Get Familiar with the Atlantic Coast Pipeline, It Just Got One Step Closer to Becoming a Reality



“We shall overcome!” These were the words ringing throughout the Buckingham County Administration Building on Thursday night, January 5th. Evelyn, a resident of Buckingham, lead the entire room in prayerful song as part of her public comment to the Buckingham Board of Supervisors.

This was the latest meeting in regards to Dominion Resources’ application for a “special use permit” that would legally open the doorway for them to build a 53,518 horsepower compressor station for their proposed 550-mile, $5 billion, fracked natural gas Atlantic Coast Pipeline (ACP). Earlier meetings had generated so much demand for public comment that several additional meetings had to be scheduled so that everyone could have the opportunity to be heard.

Unfortunately, the Board voted unanimously in favor of granting the application to Dominion, a win for the ACP and a setback for the growing resistance against the pipeline.

Here is a Timeline To Catch You Up To Speed:

May 2014 – The ACP LLC began surveying and route planning.

September 2015 – ACP LLC filed their application with the Federal Energy Regulatory Commission (FERC).

Summer 2017 – Construction scheduled to begin

Late 2019 – Pipeline scheduled to be fully in service

The ACP’s proposed route starts in Harrison, West Virginia and will end in Robeson, North Carolina. The pipeline would pass just south and to the east of Richmond, through Cumberland and Dinwiddie Counties.

The Trans-Alaska Oil Pipeline, as it zig-zags across the landscape. Image taken north of the Alaska Range.

Some of the MOST COMMON CONCERNS about the pipeline are:

-Release of methane into atmosphere adding to greenhouse effect

-High likelihood of erosion

-Negatively affecting water quality in many counties

-Risk of fire and explosion

-Investing in long-term fossil fuel infrastructure rather than renewable energy

-Destroying natural beauty and clearing forests

-Health concerns near the compressor stations

-Loud noise around compressor stations

-Current natural gas supply is already greater than the expected future peak demand in the region, therefore new pipelines are not needed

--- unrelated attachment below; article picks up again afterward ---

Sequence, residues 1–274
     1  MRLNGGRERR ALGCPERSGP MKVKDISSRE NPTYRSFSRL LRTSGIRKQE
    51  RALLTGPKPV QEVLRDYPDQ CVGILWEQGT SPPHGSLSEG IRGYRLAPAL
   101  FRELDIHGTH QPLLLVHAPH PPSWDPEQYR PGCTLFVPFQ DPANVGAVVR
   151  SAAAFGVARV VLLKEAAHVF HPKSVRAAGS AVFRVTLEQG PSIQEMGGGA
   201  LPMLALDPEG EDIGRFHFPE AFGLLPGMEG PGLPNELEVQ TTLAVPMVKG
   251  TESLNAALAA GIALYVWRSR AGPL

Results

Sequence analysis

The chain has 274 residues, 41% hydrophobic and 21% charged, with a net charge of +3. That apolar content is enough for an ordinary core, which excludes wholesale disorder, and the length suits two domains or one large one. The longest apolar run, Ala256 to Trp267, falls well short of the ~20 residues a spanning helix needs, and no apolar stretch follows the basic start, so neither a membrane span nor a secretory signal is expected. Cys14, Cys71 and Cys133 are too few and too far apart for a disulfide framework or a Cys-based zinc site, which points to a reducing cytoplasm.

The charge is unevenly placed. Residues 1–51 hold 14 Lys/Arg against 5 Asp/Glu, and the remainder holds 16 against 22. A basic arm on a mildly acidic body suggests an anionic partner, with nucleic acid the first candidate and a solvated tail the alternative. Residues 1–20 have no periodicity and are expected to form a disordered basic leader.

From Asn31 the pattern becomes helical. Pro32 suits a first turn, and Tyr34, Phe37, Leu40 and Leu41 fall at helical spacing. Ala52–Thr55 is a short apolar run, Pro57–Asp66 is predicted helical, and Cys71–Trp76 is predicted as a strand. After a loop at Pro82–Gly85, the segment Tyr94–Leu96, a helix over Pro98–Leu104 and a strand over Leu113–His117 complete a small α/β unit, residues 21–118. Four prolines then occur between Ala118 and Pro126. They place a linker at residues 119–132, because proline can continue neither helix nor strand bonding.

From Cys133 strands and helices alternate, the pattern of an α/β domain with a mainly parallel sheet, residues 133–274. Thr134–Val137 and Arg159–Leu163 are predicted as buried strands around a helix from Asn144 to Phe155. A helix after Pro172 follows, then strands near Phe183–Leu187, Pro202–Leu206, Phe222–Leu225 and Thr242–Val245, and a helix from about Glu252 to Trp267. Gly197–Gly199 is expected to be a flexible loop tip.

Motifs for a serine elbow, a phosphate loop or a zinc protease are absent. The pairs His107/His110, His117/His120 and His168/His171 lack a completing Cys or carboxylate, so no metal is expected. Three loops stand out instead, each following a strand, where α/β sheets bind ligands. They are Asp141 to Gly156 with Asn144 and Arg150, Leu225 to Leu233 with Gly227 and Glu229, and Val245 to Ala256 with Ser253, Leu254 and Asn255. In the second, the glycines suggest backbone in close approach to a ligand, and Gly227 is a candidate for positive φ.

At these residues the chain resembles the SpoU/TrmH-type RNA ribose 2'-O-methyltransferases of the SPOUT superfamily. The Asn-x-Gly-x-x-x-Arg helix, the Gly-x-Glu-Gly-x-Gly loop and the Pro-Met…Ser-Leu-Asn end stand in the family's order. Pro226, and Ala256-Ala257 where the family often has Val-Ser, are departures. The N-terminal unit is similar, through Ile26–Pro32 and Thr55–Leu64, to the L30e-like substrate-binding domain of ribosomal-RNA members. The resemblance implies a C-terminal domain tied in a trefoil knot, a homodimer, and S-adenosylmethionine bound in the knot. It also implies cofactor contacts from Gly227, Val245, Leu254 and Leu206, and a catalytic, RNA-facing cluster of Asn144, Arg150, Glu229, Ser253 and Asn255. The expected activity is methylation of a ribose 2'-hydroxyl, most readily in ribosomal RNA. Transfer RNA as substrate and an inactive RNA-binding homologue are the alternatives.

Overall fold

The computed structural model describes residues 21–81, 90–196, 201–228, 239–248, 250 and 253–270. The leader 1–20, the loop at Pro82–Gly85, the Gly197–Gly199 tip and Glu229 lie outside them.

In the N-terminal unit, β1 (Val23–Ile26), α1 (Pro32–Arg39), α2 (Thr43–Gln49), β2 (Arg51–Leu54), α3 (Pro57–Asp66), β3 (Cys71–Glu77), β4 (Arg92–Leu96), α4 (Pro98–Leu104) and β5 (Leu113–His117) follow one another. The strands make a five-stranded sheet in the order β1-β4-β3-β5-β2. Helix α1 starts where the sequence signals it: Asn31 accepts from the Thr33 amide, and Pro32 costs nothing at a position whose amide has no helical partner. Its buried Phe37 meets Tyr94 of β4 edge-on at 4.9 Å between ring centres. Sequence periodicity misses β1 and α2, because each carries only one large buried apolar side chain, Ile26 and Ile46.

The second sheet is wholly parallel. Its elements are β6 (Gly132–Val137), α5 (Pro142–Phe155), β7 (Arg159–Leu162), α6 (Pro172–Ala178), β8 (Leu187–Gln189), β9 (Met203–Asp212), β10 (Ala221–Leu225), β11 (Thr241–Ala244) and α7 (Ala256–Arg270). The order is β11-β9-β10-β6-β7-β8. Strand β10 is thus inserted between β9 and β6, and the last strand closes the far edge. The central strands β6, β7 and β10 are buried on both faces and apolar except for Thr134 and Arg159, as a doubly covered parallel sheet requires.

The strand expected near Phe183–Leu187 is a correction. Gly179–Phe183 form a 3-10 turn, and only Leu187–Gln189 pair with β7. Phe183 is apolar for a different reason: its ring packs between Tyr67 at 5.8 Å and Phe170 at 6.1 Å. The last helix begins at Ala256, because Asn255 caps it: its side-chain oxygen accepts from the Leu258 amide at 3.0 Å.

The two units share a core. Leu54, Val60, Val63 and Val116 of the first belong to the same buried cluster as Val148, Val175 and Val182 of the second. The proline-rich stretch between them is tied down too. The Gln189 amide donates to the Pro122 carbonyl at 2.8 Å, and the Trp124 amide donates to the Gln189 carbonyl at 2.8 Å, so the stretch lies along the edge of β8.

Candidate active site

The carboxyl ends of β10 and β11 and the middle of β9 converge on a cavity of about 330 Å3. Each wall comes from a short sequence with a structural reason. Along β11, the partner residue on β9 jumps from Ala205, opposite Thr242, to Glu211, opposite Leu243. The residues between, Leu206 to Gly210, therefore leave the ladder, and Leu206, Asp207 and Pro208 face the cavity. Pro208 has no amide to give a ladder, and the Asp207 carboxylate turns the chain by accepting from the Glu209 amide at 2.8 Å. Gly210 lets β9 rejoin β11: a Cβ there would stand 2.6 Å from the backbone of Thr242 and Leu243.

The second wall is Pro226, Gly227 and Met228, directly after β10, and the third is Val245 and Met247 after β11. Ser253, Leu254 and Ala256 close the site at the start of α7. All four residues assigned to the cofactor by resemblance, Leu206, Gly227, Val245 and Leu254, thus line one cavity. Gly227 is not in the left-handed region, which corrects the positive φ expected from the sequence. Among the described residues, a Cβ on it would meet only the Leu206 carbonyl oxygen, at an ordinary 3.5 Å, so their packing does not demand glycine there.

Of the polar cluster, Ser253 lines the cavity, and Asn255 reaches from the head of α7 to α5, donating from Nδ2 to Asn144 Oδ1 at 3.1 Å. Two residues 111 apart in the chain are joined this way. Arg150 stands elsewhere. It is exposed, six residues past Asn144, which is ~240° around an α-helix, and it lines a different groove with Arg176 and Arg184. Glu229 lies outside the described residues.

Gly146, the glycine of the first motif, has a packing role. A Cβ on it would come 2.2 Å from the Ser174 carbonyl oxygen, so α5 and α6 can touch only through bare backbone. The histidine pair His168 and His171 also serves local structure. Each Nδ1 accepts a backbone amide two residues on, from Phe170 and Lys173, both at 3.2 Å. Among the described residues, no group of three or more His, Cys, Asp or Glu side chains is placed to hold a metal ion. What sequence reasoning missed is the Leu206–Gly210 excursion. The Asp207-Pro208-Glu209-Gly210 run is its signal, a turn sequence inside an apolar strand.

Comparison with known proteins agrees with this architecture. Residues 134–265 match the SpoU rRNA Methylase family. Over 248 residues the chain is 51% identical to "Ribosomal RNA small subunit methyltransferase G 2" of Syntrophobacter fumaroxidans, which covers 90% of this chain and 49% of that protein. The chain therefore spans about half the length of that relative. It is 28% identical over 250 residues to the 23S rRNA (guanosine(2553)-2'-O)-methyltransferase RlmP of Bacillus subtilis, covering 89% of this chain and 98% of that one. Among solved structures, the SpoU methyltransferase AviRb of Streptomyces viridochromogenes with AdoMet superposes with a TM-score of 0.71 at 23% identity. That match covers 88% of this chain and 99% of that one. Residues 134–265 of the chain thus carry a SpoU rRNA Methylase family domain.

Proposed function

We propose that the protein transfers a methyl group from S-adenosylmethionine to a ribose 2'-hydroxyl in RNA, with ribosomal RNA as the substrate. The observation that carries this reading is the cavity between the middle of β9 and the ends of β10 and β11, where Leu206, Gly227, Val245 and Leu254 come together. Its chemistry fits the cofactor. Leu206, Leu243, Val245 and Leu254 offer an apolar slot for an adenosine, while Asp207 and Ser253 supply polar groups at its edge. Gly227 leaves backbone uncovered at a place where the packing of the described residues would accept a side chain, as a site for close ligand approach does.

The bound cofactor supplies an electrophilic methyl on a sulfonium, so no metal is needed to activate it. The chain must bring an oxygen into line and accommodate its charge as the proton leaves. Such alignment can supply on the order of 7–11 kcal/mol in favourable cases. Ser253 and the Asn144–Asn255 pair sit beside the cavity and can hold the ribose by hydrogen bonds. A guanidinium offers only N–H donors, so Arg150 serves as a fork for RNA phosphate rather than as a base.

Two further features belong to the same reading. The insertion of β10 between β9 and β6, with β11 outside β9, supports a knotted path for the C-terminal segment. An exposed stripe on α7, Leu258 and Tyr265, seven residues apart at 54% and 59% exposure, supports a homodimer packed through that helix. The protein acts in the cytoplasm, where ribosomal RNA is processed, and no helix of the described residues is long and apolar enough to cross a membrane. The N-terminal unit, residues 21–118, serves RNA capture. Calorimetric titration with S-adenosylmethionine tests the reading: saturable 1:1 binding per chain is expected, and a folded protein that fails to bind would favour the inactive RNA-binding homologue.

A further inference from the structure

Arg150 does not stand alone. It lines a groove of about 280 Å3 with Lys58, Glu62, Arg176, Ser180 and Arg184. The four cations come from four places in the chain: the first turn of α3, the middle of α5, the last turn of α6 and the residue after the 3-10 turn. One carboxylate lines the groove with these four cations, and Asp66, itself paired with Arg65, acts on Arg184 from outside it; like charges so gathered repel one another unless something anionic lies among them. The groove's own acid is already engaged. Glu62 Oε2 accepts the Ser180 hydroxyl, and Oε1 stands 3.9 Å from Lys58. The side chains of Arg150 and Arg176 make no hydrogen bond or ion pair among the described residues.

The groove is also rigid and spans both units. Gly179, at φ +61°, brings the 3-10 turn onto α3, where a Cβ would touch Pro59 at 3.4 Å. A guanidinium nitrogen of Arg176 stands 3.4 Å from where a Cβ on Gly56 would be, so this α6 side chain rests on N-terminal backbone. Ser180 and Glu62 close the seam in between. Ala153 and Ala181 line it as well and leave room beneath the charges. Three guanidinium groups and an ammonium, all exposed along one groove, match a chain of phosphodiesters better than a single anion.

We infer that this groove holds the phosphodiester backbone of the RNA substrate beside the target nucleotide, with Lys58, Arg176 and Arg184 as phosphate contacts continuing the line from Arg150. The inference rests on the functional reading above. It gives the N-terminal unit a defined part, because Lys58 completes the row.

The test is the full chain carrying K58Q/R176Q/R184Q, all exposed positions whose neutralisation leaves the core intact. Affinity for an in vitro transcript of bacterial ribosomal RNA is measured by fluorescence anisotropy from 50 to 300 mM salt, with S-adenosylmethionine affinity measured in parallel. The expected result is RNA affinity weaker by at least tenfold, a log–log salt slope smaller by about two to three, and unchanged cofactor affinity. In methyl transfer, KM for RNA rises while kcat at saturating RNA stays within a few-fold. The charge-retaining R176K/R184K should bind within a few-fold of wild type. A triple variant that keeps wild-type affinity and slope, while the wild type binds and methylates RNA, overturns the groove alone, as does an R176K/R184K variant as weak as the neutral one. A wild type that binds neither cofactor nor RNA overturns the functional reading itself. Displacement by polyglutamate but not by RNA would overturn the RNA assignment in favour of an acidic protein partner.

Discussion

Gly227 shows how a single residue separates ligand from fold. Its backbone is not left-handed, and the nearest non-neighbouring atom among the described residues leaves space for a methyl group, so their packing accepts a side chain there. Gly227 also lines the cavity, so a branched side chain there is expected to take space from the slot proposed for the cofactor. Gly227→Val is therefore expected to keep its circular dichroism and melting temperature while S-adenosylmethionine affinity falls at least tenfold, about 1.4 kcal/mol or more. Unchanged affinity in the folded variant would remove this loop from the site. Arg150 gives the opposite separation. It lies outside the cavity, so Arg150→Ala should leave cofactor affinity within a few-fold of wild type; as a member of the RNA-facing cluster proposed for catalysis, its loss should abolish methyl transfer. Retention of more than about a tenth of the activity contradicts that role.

-Undetected gas leaks can pose threats to human health, wildlife and ecosystems.

-Release of other toxic air pollutants

How You Can Help RIGHT NOW!

On December 30th FERC released their gigantic, three-volume Draft Environmental Impact Statement (EIS) for the ACP. This is FERC’s presentation of the impacts and harmful effects that the pipeline will have on the environments of the affected communities.

The release of the EIS started a 90-day public comment period that will end on April 6, 2017. This is your opportunity as a Virginia resident or concerned citizen to voice any complaints or opinions specifically related to the EIS.

You can send in your comment to FERC here . You will want to check out this information on how to submit a comment and what is best to include.

While I have not sifted through the EIS yet myself, here is an initial comment about it from Cat McCue, communications director for Appalachian Voices, a regional advocacy organization:

“The EPA has found basically the same problems with FERC’s environmental reports on a bunch of other proposed gas pipelines,” said McCue. “We know the MVP [Mountain Valley Pipeline] report is half-baked. And while we’re all still reading through the ACP report, we don’t see any indications so far that it’s any better.”

Once the comment and revision period is complete, FERC is scheduled to issue their final EIS in June 2017.

The good news is public outrage and input has been effective so far in delaying the project by about a year. So submit a comment and spread the word about this!

As a reminder, Ellwood Thompson’s supports clean, renewable energy sources!

Useful Resources:

 “Stopping the pipeline: what are the options?” – An easy-to-read description of the interstate pipeline process from a community in Massachussetts that has dealt with the same process:

 Friends of Buckingham: An organization of united citizens of Buckingham County that are actively working to protect their county and stop the pipeline. A great source of information.

Friends of Nelson: A 501c3 non-profit organization dedicated to opposing the Atlantic Coast Pipeline. Another great source of information about pipelines and the ACP.

NO ACP: A Richmond-based group of citizens in opposition to Dominion’s “environmentally destructive practices.” A good source for updates, info, and events.

NO ACP Funding Campaign

Chesapeake Climate Action Network: A grassroots, non-profit organization focused on fighting climate change in Virginia, Maryland, and Washington D.C. They post info on direct actions, events, news, and other useful information related to the fight to protect our climate.

Map of proposed pipeline route


Nick Lasky

Ellwood Thompson’s Food Advocate

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